Avoiding Pitocin Pain (Pit Pain)

Avoiding Pitocin Pain (Pit Pain) 


Most women envision their delivery starting with their water breaking and delivery of their baby shortly afterwards. In truth, labor and delivery seldom happens the way you think it will.  

Before you go into labor, you need to talk with your doctor about how much you want to wait for your delivery to progress. Because of the time frame insurances put on deliveries, doctors often declare the diagnosis “failure to progress” and begin induction with Pitocin. 

Pitocin is a synthetic version of the hormone oxytocin. Usually, the body naturally produces oxytocin to help with milk excretion during breastfeeding, but it also helps stimulate the uterus for your contractions.  

The doctor’s term for the pain caused by Pitocin is “pit pain”. Contractions from Pitocin are undeniably more painful. You will need an epidural to tolerate the pain. Pit pain can instantly spike and feel sharper. In comparison, the contractions of natural labor look more like the classic bell curve. It’s slow building but feels more tolerable and you will likely be able to deliver your baby without an epidural. 

If you feel that Pitocin is not for you, I suggest considering misoprostol for cervical ripening. 

Cervical ripening prepares your cervix for labor by softening and opening it up. This should be a normal process. Personally, I like to give misoprostol. Misoprostol is a synthetic form of prostaglandin that works well to support prodromal (early stage) labor. This is when the fetal head descends into the birth canal and the cervix ripens and dilates to about 5 cm.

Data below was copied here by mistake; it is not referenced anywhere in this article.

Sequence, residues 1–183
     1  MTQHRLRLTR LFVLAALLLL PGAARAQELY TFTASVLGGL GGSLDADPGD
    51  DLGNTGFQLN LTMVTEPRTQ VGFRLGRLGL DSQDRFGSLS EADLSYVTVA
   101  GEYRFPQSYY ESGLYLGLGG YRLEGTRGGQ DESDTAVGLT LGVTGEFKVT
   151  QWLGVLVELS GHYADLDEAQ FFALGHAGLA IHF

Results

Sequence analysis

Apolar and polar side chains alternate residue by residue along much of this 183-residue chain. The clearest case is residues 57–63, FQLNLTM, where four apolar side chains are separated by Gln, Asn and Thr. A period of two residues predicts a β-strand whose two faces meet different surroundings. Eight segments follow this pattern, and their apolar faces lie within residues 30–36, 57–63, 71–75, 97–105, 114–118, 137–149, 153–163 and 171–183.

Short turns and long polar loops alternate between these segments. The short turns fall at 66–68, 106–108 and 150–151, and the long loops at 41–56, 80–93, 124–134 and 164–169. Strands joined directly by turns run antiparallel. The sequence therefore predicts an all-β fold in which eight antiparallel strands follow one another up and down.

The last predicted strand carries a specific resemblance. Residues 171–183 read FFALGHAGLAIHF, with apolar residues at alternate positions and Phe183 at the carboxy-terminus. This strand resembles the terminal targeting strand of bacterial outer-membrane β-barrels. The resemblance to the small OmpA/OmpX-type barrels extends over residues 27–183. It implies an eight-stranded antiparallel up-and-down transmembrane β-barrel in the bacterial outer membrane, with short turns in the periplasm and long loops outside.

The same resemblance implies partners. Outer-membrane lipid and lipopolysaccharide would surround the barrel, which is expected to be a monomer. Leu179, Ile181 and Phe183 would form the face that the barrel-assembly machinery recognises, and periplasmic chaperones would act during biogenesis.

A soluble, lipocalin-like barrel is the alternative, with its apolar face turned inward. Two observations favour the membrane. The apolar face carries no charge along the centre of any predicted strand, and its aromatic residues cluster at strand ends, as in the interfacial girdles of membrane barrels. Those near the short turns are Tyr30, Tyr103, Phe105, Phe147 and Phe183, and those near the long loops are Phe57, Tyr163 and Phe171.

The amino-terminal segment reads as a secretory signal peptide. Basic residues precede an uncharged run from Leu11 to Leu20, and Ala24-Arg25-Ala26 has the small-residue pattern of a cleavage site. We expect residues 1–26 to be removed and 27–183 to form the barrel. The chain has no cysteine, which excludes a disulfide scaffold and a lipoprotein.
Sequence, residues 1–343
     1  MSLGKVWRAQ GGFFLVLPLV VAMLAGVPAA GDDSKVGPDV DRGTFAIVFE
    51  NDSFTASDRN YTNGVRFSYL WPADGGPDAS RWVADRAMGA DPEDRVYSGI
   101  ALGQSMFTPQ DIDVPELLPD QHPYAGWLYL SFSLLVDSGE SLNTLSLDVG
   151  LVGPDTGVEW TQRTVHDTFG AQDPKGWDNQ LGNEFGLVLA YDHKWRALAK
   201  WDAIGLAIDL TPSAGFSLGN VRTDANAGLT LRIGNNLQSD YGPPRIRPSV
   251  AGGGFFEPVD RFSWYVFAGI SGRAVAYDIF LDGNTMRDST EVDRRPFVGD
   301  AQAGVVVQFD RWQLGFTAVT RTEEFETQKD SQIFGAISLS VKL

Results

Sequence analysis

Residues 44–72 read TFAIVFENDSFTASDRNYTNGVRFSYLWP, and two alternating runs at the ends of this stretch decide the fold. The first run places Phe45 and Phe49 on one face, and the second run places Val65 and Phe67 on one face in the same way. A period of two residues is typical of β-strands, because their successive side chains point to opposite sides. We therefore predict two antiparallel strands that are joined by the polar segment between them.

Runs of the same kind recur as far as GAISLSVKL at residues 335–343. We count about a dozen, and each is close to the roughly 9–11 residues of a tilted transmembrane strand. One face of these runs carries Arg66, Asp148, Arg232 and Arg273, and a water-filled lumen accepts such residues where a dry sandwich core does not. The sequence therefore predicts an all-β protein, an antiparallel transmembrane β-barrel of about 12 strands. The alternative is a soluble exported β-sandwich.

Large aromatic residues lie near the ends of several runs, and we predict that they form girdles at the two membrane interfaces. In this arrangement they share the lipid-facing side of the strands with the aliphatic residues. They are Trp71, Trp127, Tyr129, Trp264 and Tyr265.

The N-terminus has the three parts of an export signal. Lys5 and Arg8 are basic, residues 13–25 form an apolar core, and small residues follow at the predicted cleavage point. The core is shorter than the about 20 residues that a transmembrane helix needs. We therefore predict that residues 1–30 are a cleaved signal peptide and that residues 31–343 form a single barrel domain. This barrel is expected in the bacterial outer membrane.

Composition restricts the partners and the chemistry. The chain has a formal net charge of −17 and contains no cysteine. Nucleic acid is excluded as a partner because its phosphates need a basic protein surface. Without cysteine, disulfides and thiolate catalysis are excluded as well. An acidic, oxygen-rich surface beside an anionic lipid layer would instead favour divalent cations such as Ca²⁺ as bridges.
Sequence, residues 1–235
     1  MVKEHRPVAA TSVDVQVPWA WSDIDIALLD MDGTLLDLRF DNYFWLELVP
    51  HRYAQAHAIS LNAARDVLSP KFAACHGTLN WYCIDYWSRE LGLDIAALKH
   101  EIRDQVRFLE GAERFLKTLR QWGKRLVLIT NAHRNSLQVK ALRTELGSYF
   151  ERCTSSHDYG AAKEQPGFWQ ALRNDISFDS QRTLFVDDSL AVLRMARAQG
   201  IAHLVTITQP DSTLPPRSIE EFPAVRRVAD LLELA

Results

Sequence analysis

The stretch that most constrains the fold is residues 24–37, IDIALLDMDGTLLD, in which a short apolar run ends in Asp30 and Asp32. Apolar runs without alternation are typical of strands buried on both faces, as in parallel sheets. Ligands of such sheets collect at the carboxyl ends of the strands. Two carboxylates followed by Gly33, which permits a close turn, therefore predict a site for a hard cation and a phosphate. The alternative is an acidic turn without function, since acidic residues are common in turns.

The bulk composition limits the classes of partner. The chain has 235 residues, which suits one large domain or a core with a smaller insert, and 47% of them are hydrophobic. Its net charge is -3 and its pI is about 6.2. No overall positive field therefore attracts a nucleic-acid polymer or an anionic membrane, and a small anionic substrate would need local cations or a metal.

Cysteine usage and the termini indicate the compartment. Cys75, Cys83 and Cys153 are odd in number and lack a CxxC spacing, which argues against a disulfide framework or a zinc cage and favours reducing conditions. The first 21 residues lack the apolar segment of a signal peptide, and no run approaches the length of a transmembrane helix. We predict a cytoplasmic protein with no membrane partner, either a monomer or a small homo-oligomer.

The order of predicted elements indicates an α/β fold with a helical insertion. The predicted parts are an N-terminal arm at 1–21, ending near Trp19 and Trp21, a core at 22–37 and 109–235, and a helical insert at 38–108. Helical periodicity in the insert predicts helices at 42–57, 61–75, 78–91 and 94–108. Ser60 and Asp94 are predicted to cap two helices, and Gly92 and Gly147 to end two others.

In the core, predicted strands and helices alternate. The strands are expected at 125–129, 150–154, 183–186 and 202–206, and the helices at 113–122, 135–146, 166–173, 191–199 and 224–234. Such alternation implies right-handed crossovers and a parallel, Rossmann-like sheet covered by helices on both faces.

Misoprostol has gotten a bad reputation because it has been used unwisely in the past. A single small dose of misoprostol should bring on cervical ripening. If it does not, you are simply not ready for labor. In the past doctors have given a second dose of misoprostol if the first doesn’t work, and sometimes even a third. If you discuss misoprostol with your doctor, be sure to ask if he administers only one dose of misoprostol. Misoprostol is very good for cervical ripening and a very poor choice for full scale induction of labor by using several doses. Historically, the distinction between using misoprostol for cervical ripening and for induction has been cloudy.   

Before your due date, make sure you discuss your options for induction with your doctor. While Pitocin may be the usual choice, there are other options out there that might be more favorable for you. As I mentioned above, pit pain can be sharp and painful, making your labor harder. Avoiding Pitocin might be the best thing you can do to keep your pain at a manageable level. 

For more information on pit pain, please see my podcast! 




Dr. Alan Lindemann

Obstetrician-Gynecologist (OB/GYN)​

He is an obstetrician and maternal mortality expert with 4 decades of medical practice beginning in Minnesota and presently in North Dakota. He has delivered around 6,000 babies with zero maternal deaths.

Why should you support Rural Doc Alan?

Dr. Lindemann delivered 6000 babies for over 40 years with no maternal mortalities, no eclampsia, and no babies with cerebral palsy. He tells his story here of how he did this in a medical environment that really doesn’t do well with deliveries. He openly admits that much he learned about safe pregnancy came from his patients, not medical books. Donating here will help spread the word to women everywhere so they can learn about safe pregnancy.